With the time Abu Khafs Kabir became one of the main theologians of the Islamic East. The Holy Imam is the author of a series of books on Islamic law including “Al-Akhvo val ihtilof” (“Flippant agreements and disagreements”), “Ar-Raddu alal-lafziya” (“Repulse to those looking above”) and many others. Returning to Bukhara, he shared his knowledge. It is considered that it is thanks to him that Bukhara started to flourish in spiritual and secular sciences and imams and scholars became respectable people.
Imam Abu Khafs Kabir became the founder of the Hanafi school in Mawarannahr (Transoxiana) and launched the first medrese of the Hanafi stream in Bukhara. There is a legend that when a holy sheikh was walking to a medrese through Bukhara market, then the entire noisy bazaar would respectably keep the voices down. The school where he was teaching, where later his son and grandson were teaching too (according to the legend, his wife was also teaching the female students) was the place where students from around the world were striving to be accepted.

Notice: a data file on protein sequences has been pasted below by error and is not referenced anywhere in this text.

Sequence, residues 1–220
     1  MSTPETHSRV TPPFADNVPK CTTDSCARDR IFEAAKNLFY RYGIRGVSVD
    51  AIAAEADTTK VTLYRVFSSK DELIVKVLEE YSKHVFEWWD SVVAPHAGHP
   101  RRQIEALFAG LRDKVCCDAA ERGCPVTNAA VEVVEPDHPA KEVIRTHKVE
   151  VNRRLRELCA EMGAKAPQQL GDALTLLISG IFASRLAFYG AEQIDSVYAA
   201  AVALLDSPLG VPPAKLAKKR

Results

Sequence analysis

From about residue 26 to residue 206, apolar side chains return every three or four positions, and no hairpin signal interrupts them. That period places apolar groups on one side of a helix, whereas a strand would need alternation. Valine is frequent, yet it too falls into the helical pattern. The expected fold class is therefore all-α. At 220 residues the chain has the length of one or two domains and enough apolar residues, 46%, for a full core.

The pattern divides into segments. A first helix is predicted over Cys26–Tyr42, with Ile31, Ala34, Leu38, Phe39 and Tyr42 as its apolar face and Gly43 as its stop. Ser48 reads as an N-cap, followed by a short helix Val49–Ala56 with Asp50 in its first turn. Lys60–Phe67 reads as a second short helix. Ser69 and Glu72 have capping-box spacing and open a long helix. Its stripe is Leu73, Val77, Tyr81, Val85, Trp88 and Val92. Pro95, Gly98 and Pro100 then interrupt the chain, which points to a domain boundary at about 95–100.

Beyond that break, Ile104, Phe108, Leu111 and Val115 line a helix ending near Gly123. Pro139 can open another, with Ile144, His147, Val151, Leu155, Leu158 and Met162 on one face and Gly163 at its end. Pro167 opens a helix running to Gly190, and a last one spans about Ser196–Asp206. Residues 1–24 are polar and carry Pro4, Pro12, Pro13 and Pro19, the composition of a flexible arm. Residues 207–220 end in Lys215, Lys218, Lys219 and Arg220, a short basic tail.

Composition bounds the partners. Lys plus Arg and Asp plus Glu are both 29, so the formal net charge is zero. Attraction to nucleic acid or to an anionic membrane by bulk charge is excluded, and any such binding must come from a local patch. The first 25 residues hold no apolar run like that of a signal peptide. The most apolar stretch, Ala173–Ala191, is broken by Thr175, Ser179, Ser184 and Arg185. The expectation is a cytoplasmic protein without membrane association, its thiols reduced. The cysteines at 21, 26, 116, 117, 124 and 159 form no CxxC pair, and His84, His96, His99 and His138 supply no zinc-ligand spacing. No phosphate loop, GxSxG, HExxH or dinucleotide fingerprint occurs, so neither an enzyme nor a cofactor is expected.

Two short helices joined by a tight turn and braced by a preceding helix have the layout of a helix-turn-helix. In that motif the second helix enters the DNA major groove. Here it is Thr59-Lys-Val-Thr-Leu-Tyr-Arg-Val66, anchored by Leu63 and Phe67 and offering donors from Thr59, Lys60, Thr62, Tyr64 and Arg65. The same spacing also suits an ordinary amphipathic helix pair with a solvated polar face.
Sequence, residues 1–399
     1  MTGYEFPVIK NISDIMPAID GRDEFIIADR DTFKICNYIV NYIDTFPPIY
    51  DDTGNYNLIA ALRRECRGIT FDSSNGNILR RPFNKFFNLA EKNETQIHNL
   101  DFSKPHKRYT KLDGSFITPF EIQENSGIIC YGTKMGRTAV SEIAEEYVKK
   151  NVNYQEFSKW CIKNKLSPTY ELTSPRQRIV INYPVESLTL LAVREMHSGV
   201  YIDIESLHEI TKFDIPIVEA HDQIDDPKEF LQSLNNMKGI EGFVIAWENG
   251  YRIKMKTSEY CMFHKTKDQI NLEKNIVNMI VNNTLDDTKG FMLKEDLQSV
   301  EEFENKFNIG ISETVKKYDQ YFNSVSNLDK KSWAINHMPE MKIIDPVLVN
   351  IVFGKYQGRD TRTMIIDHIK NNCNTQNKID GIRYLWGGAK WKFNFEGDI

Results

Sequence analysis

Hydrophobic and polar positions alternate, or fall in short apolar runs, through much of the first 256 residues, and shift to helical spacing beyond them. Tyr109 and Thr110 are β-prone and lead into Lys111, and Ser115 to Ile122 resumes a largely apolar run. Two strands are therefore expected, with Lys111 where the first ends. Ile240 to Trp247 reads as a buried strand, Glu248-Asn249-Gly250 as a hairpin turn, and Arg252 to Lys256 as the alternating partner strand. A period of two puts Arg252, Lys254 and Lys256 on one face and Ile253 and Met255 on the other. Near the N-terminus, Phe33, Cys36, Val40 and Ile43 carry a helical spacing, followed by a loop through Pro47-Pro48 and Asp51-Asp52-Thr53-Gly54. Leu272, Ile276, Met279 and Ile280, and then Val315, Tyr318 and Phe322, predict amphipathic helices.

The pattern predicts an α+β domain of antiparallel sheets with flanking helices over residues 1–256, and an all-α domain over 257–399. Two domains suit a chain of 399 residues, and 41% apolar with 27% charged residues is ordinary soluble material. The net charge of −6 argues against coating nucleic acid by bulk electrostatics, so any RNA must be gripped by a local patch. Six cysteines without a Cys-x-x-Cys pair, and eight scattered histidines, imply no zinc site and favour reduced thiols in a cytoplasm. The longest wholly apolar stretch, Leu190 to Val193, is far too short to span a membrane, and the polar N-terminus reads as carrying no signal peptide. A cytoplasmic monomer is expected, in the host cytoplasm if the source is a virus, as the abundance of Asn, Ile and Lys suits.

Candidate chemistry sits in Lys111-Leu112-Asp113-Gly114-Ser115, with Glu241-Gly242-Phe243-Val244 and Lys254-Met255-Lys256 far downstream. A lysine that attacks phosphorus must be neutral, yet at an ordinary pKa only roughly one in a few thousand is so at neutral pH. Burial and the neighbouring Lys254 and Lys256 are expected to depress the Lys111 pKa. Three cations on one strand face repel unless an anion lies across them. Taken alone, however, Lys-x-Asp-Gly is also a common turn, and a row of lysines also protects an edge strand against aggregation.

Among famous followers of Imam Abu Khafs Kabir – Imam al-Bukhari is one of the most respectable figures in the Islamic scientific world, the author of the monumental collection of reliable hadith “al-Jami as-Sahih”.
Bukharians knew that the holy imam Abu Khafs Kabir would always respond to one’s requests for help regardless who it was coming from: from emir or a common citizen. Thanks to this, imam was called Eshoni Hojat-baror (“Ishan, resolving problems”). Bukhara dwellers would come to him for advices and directions through the gates in the north-west part of the Bukhara wall that later were called “Gates Hakk rakh” (road to truth). Even the whole district was called the same.